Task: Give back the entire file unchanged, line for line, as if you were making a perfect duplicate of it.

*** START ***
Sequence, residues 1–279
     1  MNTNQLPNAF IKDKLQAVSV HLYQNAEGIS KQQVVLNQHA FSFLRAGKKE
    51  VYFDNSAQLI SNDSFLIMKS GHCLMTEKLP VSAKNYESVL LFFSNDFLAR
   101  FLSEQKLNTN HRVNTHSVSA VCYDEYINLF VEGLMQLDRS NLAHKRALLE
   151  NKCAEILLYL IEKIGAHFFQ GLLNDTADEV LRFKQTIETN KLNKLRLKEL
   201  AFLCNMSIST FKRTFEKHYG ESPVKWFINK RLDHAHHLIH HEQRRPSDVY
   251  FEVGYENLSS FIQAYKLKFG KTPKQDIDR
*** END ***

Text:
Sequence, residues 1–279
     1  MNTNQLPNAF IKDKLQAVSV HLYQNAEGIS KQQVVLNQHA FSFLRAGKKE
    51  VYFDNSAQLI SNDSFLIMKS GHCLMTEKLP VSAKNYESVL LFFSNDFLAR
   101  FLSEQKLNTN HRVNTHSVSA VCYDEYINLF VEGLMQLDRS NLAHKRALLE
   151  NKCAEILLYL IEKIGAHFFQ GLLNDTADEV LRFKQTIETN KLNKLRLKEL
   201  AFLCNMSIST FKRTFEKHYG ESPVKWFINK RLDHAHHLIH HEQRRPSDVY
   251  FEVGYENLSS FIQAYKLKFG KTPKQDIDR